Think of it as a video game that awards experience. It will take much more time for you to get better (level up) while killing super easy monsters that only award a tiny bit of experience. But if you tackle monsters slightly above your skill level you net more experience for your time spent.

That said, I still say learn Sabbath and Judas Priest songs. You will notice and hear their influence in the majority of metal songs made since them. So it gives you a head start on figuring things out.

Also you should practice. Do drills. Run up and down the fret board on every string/fret with every finger before you start playing. Play with a click track or a drum beat or something to keep your tempo steady. Especially if you are going to jump into fast alternate picking. That type of playing has to be consistent.
Last edited by BlackVoid at Dec 22, 2011,
#20
Thanks guys! This will really help. As for starting with things out of my grasp, I usually do that. Seems as though I should start with Sabbath and Priest (thanks BlackVoid for the EXCELLENT explanation about influence and the video game analogy was great).
#21
Quote by BlackVoid
What you really need to do is learn songs that you think are just out of your grasp. If you learn a song really fast no problem then stop spending time on it. Move onto something tougher. You can't get better without challenging yourself and expanding your comfort zone. And in order to expand it you gotta get outside of it.

Think of it as a video game that awards experience. It will take much more time for you to get better (level up) while killing super easy monsters that only award a tiny bit of experience. But if you tackle monsters slightly above your skill level you net more experience for your time spent.

That said, I still say learn Sabbath and Judas Priest songs. You will notice and hear their influence in the majority of metal songs made since them. So it gives you a head start on figuring things out.

Also you should practice. Do drills. Run up and down the fret board on every string/fret with every finger before you start playing. Play with a click track or a drum beat or something to keep your tempo steady. Especially if you are going to jump into fast alternate picking. That type of playing has to be consistent.

Sorry, but the video game analogy is utter crap - in fact that's the complete opposite of how it works.
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#22
Quote by steven seagull
Sorry, but the video game analogy is utter crap - in fact that's the complete opposite of how it works.



I don't know, I could see that going both ways. Paul Gilbert has said that the best way to get better is to play the things you know over and over, and other things will come easier. Meanwhile, Shawn Lane suggests overspeed training every once in a while (not all the time, obviously), playing faster than you can, then gradually slowing down to the correct speed. I think he had a good analogy, it's good to beat up them little guys, but you should go for the tough dudes sometimes to get a good taste of what's to come.
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#23
Quote by Calymos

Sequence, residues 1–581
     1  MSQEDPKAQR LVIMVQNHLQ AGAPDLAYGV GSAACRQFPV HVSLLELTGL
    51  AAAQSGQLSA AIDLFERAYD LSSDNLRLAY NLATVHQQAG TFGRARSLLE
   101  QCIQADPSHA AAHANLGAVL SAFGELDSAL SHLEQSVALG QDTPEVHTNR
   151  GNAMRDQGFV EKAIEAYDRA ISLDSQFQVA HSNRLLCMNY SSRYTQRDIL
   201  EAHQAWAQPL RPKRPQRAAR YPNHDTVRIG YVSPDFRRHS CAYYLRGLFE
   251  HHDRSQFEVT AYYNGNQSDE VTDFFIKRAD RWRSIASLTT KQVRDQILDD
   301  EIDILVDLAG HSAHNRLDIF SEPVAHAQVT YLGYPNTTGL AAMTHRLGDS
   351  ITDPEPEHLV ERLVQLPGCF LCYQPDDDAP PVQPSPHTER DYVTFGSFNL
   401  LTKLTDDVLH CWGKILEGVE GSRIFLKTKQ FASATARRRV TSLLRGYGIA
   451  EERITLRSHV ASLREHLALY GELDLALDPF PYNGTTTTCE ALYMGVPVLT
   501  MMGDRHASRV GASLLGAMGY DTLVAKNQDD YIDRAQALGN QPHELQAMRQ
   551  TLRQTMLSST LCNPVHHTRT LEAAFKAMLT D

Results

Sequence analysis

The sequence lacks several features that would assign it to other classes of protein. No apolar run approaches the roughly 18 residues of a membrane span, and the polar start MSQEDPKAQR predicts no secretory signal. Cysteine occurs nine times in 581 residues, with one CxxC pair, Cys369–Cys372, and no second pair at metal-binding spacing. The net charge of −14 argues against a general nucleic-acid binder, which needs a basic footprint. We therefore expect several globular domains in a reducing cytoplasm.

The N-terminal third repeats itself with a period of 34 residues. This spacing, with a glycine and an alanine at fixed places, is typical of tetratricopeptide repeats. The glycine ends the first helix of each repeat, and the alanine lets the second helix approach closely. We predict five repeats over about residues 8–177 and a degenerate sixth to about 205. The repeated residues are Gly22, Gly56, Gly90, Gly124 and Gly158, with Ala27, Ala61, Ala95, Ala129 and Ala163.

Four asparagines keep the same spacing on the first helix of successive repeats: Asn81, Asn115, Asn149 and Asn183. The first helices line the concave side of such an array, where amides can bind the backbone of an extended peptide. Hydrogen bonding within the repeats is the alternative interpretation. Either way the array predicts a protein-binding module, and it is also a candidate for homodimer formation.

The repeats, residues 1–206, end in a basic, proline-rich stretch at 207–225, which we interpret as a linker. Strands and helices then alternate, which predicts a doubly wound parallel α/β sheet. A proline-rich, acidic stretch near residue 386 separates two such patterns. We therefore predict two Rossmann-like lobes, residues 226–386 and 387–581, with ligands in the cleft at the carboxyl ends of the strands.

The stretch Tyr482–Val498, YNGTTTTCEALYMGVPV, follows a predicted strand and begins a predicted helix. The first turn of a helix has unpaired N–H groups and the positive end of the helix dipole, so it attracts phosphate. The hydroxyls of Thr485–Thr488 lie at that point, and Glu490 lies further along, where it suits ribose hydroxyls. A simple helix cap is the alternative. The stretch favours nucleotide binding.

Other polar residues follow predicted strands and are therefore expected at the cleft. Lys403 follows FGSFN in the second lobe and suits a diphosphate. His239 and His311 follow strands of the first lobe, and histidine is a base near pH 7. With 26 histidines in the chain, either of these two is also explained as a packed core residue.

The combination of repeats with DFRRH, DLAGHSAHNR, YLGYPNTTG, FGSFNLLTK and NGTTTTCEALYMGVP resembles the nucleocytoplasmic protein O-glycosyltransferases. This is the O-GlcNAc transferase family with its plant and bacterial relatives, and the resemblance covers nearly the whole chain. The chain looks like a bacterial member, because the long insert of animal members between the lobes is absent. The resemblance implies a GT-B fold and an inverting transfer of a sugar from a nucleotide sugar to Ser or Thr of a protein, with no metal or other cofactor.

Metallica, man. Learn the intro to Master of Puppets, take it slow, and then learn whatever you need to from there. Palm mute and use only downstrokes, and when you can play it to speed like that, you'll probably be ready to tackle a lot that you couldn't before.
Yeah right Metallica is absolutely the way to go
#24
Quote by mh1986
Any answer that doesn't include Black Sabbath is wrong.


This

nickleback


Never heard of 'em. I sure hope you didn't mean nickelback. That wouldn't be very metal, would it.
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#25
First, Led Zeppelin, Black Sabbath, Judas Priest. That'll get you started with alternate picking, power chords, palm muting etc, all the essentials.
Then, In Flames, Death, Mastodon and many, many other bands. Just get the riffs down first and work on the solos later. These bands are good for alternate picking, downpicking, string skipping and their solos are doable ( I'd go for Only for the Weak by In Flames first ).
If you got all that down, and you still feel like you want to play more difficult metal, go for Opeth, Periphery, Obscura and Cynic!
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#26
some neo-classicism is never a bad thing either, some good neo-classical is pretty brutal and some of it takes some skill
#27
Quote by Viban
some neo-classicism is never a bad thing either, some good neo-classical is pretty brutal and some of it takes some skill


Sounds interesting, what do you recommend?
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#29
Quote by Viban
well Yngwie Malmsteen plays some neo-classical but I just figured I'd show you the destination and let you carve your own path.
http://www.youtube.com/watch?v=bWVyO4gSq24&feature=BFa&list=PLC4B2C2F43B6B7D59&lf=mh_lolz, here is a good example of some neo-classical sweeps


Ha, I remember watching that some 3 years ago and learning that part at 1.15 ^^ fun lick. Also, http://www.youtube.com/watch?v=OznLG2N3nfQ pretty good stuff there too IMO. Pretty cool hybrid picking lick in there somewhere.
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#30
I would like to learn that actually, its a shame I don't know the name of any classical songs aside from fur elise
#31
Quote by Viban
well Yngwie Malmsteen plays some neo-classical but I just figured I'd show you the destination and let you carve your own path.
http://www.youtube.com/watch?v=bWVyO4gSq24&feature=BFa&list=PLC4B2C2F43B6B7D59&lf=mh_lolz, here is a good example of some neo-classical sweeps



Robert Marcello as well. Old School is a great song, lots of good sweeps, nothing TOO hard until the solos, but there's lots of movement involved when playing it.